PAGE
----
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An Impressive Track Record


School of Medicine has a record of success and expertise in innovation, discovery and commercialization of therapies, drugs and medical devices. Our faculty members translate basic sciences into medical breakthroughs that help people around the world. 

Anschutz Medical Campus researchers, the bulk of whom work for the School of Medicine, attracted $420.3 million in grants in the 2014-15 fiscal year.


  • Researchers at the School of Medicine have designed mice that do not get fat when on a high-fat diet – a breakthrough that could address obesity in humans because humans have the same gene.
  • A CU Cancer Center study published in 2013 shows that bitter melon juice restricts pancreatic cancer cells from metabolizing glucose, thus cutting their energy source. 
  • School of Medicine professor Iñigo San Millán, PhD, is applying his research by working with the Colorado Buffaloes football team to improve player performance.
  • School of Medicine research, published in 2013,  found that dietary supplements of choline – a nutrient in liver, fish, nuts and eggs – during pregnancy lowers physiological risk factors of schizophrenia in infants. The first human liver transplant was performed by a surgical team from the CU School of Medicine.
  • School of Medicine researchers led the identification of child abuse with the publication in 1962 of their paper The Battered-Child Syndrome.
  • The “Visible Human Project,” a detailed, digital-image, 3-D representation of the human body, was led by the School of Medicine.

Research Newsroom


Facial Size, Shape Research

Researchers have identified two significant genes associated with measures of human facial size and have identified 10 additional candidates for location of genes affecting human facial shape.

Grant for Neurological Research

CU researchers received an $800,000 grant to study neural communication that could help patients suffering from stroke, Parkinson's and other neurological conditions.

Multiple Marijuana Studies at CU

Colorado researchers are studying the effect of marijuana on different diseases, but CU researchers say the process is a struggle

Hypoxia Unlikely Cause of Suicide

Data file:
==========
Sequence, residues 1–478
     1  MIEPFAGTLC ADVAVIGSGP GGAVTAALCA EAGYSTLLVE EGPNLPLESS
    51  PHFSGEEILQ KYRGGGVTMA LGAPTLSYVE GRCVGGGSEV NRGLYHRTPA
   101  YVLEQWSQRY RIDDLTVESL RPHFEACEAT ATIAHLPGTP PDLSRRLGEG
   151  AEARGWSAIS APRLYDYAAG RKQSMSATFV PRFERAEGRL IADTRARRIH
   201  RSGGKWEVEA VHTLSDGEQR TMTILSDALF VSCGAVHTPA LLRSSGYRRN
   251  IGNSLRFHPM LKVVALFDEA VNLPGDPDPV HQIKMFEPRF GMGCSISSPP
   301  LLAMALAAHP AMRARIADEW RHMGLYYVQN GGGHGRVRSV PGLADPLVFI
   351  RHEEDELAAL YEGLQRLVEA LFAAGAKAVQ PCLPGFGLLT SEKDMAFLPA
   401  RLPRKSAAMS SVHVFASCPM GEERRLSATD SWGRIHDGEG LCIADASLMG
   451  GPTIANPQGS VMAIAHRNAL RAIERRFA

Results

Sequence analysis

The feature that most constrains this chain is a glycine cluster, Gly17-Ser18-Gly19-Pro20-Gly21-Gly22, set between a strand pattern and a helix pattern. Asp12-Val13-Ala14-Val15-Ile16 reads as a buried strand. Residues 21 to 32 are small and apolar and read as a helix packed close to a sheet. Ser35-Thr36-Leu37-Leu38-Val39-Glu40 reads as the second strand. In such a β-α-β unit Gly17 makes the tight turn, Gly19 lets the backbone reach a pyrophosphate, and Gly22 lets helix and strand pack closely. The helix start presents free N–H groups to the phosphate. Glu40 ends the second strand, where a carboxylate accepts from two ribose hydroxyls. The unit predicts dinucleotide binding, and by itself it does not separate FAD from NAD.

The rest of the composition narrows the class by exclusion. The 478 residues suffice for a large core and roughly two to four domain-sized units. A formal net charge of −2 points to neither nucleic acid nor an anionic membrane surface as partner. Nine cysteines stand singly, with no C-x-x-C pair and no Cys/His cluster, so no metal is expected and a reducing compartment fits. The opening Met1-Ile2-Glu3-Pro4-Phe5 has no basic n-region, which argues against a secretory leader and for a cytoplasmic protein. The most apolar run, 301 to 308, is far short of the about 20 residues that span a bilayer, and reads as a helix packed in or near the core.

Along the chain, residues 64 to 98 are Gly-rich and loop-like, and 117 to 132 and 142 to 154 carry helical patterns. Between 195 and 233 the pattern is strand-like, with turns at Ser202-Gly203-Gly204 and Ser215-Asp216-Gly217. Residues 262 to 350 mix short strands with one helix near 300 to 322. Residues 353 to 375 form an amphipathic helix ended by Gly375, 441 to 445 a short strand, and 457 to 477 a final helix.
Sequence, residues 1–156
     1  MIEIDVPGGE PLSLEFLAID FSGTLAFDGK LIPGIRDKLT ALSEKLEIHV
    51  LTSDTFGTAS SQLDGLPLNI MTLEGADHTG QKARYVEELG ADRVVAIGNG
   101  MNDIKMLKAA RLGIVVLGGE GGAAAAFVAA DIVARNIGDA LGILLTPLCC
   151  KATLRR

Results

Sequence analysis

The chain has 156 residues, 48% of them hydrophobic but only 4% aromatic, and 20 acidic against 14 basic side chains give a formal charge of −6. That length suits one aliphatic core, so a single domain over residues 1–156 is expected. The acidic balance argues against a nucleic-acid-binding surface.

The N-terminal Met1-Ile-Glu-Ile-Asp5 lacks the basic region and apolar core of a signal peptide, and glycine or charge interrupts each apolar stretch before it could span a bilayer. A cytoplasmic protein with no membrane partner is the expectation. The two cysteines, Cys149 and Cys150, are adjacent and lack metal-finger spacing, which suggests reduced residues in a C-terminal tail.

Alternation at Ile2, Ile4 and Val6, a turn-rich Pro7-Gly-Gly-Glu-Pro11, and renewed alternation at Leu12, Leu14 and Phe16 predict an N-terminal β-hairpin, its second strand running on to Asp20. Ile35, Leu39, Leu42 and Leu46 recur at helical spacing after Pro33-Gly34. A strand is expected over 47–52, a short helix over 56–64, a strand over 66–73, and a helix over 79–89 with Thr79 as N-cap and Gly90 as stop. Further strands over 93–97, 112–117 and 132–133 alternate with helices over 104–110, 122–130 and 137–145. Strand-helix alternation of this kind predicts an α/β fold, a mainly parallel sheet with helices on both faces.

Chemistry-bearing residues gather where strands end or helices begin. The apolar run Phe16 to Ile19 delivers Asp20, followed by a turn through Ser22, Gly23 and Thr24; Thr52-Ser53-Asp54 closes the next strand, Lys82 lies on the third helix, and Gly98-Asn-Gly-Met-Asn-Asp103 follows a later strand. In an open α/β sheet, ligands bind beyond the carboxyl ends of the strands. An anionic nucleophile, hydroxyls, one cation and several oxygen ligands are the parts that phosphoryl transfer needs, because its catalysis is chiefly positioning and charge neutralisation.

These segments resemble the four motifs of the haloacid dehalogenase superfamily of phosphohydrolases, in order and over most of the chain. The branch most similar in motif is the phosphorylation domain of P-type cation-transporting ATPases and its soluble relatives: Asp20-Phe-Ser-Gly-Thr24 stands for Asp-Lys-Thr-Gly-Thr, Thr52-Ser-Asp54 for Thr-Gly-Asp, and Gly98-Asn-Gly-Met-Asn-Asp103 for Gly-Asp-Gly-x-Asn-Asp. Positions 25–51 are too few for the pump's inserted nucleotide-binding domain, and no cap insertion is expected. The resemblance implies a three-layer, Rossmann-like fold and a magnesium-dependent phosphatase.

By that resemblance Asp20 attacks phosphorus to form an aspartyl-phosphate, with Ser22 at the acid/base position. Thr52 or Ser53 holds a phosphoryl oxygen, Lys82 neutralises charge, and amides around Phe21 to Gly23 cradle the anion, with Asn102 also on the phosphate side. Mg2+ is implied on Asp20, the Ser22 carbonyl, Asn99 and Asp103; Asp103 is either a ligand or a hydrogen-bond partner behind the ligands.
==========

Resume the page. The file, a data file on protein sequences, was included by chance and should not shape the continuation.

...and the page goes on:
Isolation is a more likely cause of suicide at high elevations than hypoxia, a CU researcher says.

Sleep Apnea Study on Adolescents

CU School of Medicine researchers have published a study showing that sleep apnea worsens non-alcoholic fatty liver disease in obese adolescents.

Support for Shaken Baby Syndrome Diagnosis

A CU researcher and colleagues have conducted the first-ever survey of physicians on the validity of “abusive head trauma” as a medical diagnosis.

Zika Research at CU

CU scientists studying mosquito-borne West Nile virus have added the Zika virus to their research in hopes of someday creating a vaccine.

Misdiagnosing Heart Attacks

Many physicians struggle to diagnose cardiac arrest and the delay can negatively impact resuscitation efforts.

Cellular Process Explained

Researchers from CU and the University of Geneva have explained a previously unrecognized cellular process that could help understand some causes of cancer and other illnesses.

Health Risks Occur in Peri Menopause

A study showing women have a higher chance of developing diabetes, stroke and heart disease before menopause underscores the need for regular checkups, says a CU doctor.

$1 Million Alzheimer's Research Award

A $1 million award to CU's Huntington Potter, PhD, will expand his research into the role of inflammation in Alzheimer's disease.

Colorectal Cancer Findings

CU scientists collaborating with an Argentinian researcher have made progress in the fight against colorectal cancer.

Migraine Prevention Device Tested

Patients at CU's Headache Clinic are testing a device that has reduced the number and severity of migraines in most patients.

Doctors Should Ask About Guns

Two-thirds of Americans say doctors should ask patients about gun ownership and safety, a CU study shows.

More Kids Exposed to Marijuana

The number of children exposed to marijuana has increased 150 percent since the drug was legalized in Colorado.